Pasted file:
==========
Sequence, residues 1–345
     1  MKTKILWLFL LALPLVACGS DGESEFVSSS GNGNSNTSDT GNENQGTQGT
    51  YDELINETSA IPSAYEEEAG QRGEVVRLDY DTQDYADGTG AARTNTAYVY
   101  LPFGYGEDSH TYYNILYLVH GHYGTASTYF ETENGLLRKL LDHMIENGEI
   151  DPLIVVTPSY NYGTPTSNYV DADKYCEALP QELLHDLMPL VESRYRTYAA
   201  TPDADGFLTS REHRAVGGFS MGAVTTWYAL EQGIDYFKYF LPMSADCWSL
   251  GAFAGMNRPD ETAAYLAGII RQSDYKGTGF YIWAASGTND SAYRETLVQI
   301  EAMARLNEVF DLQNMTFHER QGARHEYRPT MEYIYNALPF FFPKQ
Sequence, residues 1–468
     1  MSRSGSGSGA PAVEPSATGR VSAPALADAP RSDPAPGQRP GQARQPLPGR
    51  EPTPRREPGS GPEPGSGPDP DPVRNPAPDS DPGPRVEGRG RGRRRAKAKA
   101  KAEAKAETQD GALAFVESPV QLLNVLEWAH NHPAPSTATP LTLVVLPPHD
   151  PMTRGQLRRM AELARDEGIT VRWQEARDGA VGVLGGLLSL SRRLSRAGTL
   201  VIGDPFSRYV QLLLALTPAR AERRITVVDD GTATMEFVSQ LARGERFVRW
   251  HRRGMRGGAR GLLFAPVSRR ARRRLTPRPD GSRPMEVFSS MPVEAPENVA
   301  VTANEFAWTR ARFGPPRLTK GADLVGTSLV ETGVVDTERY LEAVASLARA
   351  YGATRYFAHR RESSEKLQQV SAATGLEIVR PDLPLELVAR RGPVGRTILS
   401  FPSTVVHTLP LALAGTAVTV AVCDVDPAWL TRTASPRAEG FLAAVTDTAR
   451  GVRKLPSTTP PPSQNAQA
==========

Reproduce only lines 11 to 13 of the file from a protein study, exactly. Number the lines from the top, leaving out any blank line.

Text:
    51  EPTPRREPGS GPEPGSGPDP DPVRNPAPDS DPGPRVEGRG RGRRRAKAKA
   101  KAEAKAETQD GALAFVESPV QLLNVLEWAH NHPAPSTATP LTLVVLPPHD
   151  PMTRGQLRRM AELARDEGIT VRWQEARDGA VGVLGGLLSL SRRLSRAGTL